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Of all the allies in the global fight for LGBT equality, Cuba may be the most unlikely. For decades, the island was notorious for its crackdown on "social deviants"—an underclass that included homosexuals, transgender people, Jehovah's Witnesses, Seventh Day Adventists, and anyone critical of the Castro regime. The 1960s were especially bleak. Deemed unfit for the revolution, gay Cubans were banned from joining the military or becoming teachers. Thousands were confined to isolated labor camps. Conditions deteriorated further in the '80s and '90s as Cuba quarantined HIV-positive citizens, many of whom were gay.
Mariette Pathy Allen's new photobook, TransCuba (Daylight Books), captures a country slowly outgrowing its history of persecution. Shot in 2012 and 2013, the book is haunted by the trauma inflicted by Fidel Castro's government. But it is optimistic about life under his brother, Raúl, who assumed the presidency in 2008. Since the change in power, Cuba's Ministry of Public Health has approved state-funded sex reassignment surgery, and the government has relaxed many discriminatory policies targeting sexual orientation and gender. In 2012, Adela Hernández became the country's first openly transgender person elected to public office. Perhaps most shockingly, in a 2010 interview with the Mexican newspaper La Jornada, Fidel Castro called his decision to imprison homosexuals in the 1960's "a great injustice…I'm not going to place the blame on others," Castro said, "We had so many and such terrible problems, problems of life or death."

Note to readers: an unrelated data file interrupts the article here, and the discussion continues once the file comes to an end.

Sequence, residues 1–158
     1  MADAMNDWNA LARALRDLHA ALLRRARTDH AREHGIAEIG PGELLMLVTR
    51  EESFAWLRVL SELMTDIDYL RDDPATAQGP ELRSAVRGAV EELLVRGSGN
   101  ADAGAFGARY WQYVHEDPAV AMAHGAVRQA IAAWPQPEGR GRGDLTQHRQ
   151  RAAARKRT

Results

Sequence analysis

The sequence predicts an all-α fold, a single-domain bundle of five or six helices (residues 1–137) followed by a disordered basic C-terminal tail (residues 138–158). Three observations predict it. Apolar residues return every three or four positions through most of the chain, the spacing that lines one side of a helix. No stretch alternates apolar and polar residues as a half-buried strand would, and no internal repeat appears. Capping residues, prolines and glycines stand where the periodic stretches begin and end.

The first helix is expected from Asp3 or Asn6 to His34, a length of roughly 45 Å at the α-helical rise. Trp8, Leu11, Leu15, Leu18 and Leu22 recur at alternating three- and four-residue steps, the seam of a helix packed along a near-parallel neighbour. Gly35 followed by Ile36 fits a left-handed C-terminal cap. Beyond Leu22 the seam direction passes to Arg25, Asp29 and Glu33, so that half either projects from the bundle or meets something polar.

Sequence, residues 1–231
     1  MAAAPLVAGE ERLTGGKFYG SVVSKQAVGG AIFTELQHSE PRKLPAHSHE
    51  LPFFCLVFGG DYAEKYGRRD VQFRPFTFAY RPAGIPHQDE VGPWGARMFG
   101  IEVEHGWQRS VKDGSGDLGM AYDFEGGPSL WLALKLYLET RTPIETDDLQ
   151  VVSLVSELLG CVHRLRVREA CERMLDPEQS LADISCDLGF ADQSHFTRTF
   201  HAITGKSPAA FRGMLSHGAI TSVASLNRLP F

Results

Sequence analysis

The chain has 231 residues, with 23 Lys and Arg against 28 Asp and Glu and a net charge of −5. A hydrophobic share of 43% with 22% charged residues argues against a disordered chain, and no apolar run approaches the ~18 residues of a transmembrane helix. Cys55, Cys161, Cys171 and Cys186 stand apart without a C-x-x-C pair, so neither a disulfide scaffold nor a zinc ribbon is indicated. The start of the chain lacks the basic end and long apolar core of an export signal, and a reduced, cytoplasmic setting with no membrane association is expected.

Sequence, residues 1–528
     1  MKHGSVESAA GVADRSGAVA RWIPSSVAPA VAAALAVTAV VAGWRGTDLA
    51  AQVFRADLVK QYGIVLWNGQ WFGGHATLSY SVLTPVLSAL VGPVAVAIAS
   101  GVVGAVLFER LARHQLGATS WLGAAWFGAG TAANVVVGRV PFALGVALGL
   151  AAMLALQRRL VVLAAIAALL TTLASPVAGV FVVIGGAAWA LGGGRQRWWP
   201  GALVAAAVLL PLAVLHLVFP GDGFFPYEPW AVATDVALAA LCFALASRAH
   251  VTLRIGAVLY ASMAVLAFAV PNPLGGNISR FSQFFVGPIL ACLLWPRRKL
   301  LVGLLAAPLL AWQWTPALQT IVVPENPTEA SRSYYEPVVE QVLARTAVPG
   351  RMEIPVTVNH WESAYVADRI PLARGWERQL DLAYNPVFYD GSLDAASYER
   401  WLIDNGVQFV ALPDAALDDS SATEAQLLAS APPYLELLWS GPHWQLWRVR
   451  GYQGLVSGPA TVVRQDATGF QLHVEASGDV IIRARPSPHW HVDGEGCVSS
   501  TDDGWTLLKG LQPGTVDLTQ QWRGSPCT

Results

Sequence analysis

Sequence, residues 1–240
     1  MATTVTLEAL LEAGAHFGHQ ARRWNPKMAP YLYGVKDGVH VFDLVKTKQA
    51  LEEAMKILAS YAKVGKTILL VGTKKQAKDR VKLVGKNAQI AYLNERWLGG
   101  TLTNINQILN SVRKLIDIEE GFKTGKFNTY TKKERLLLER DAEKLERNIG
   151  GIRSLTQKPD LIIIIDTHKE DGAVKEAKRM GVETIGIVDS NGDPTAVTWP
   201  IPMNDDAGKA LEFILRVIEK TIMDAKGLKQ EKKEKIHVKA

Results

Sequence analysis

Despite its progressive reforms, Cuba continues to have serious problems, particularly with transgender rights. "I see transgender Cubans as a metaphor for Cuba itself: people living between genders in a country moving between doctrines," Allen writes. The women she documents are grateful for the increasing tolerance, but they still suffer from entrenched stigmas. Natalie, for example, was denied a factory job because of her appearance. She began hooking to make ends meet, and picked up HIV at age 18. She also had a run-in with police that escalated, at which point an officer "hit [her] until he didn't feel like it anymore." She was imprisoned for inciting violence.
Allen's other protagonists share similar tales of woe. Amanda, a 36-year-old prostitute with HIV, tried twice to get to the United States, and twice failed. She was taken to Guantánamo Bay, where she begged her English-speaking captors to return her to the streets of Havana.
Another subject, Alsola, spent two years studying psychology and medicine at a school in Santiago de Cuba, the country's second-largest city. School policy mandated that students respect the dress code of their birth gender, so she dropped out rather than conform. "My life is nothing special," she says now.
Allen's portraits are moving proof to the contrary. TransCuba follows her two previous photobooks—Transformations (1989) and The Gender Frontier (2003)—capping a loose trilogy that is one of contemporary photography's most poignant explorations of gender identity. Her portraits, whether shot in Cuba or the United States, remind us that looking is a political act, and seeing a revolutionary one. Although Allen's subjects face the camera instead of a jury or a firing squad, their expressions bear the same frank entreaty for compassion. To quote Yanet, another Allen subject: "We all have implausible dreams, things that make no sense, we all have fantasies." TransCuba is a testament to the difficult, intoxicating, sometimes tragic work of realizing who we are.